The Collaborative International Dictionary of English v.0.48:
Ever \Ev"er\adv. [OE. ever, [ae]fre, AS. [ae]fre; perh. akin to
AS. [=a] always. Cf. Aye, Age,Evry, Never.]
[Sometimes contracted into e'er.]
1. At any time; at any period or point of time.
No man ever yet hated his own flesh. --Eph. v. 29.
2. At all times; through all time; always; forever.
He shall ever love, and always be
The subject of by scorn and cruelty. --Dryder.
3. Without cessation; continually.
Note: Ever is sometimes used as an intensive or a word of
enforcement. "His the old man e'er a son?" --Shak.
To produce as much as ever they can. --M. Arnold.
Ever and anon, now and then; often. See under Anon.
Ever is one, continually; constantly. [Obs.] --Chaucer.
Ever so, in whatever degree; to whatever extent; -- used to
intensify indefinitely the meaning of the associated
adjective or adverb. See Never so, under Never. "Let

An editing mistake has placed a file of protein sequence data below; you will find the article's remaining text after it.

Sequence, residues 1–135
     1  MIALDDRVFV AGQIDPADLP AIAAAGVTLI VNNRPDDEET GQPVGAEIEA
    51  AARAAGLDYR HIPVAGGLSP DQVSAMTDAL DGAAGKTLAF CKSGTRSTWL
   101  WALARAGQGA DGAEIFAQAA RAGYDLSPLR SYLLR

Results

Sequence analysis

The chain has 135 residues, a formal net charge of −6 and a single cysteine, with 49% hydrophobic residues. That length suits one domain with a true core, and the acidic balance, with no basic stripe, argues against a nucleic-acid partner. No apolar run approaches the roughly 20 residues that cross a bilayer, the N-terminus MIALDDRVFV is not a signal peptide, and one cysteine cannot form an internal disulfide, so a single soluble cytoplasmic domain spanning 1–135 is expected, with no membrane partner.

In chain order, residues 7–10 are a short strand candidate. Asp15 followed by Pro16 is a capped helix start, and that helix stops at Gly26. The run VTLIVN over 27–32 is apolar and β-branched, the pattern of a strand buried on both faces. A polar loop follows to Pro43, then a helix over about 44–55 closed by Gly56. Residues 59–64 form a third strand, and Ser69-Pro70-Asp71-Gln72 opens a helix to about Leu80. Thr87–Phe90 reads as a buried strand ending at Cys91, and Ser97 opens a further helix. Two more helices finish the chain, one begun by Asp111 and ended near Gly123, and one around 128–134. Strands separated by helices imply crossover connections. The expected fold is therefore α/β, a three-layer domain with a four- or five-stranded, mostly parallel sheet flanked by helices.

him be ever so rich." --Emerson.
And all the question (wrangle e'er so long),
Is only this, if God has placed him wrong. --Pope.
You spend ever so much money in entertaining your
equals and betters. --Thackeray.
For ever, eternally. See Forever.
For ever and a day, emphatically forever. --Shak.
She [Fortune] soon wheeled away, with scornful
laughter, out of sight for ever and day. --Prof.
Or ever (for or ere), before. See Or, ere. [Archaic]
Would I had met my dearest foe in heaven
Or ever I had seen that day, Horatio! --Shak.
Note: Ever is sometimes joined to its adjective by a hyphen,
but in most cases the hyphen is needless; as, ever
memorable, ever watchful, ever burning.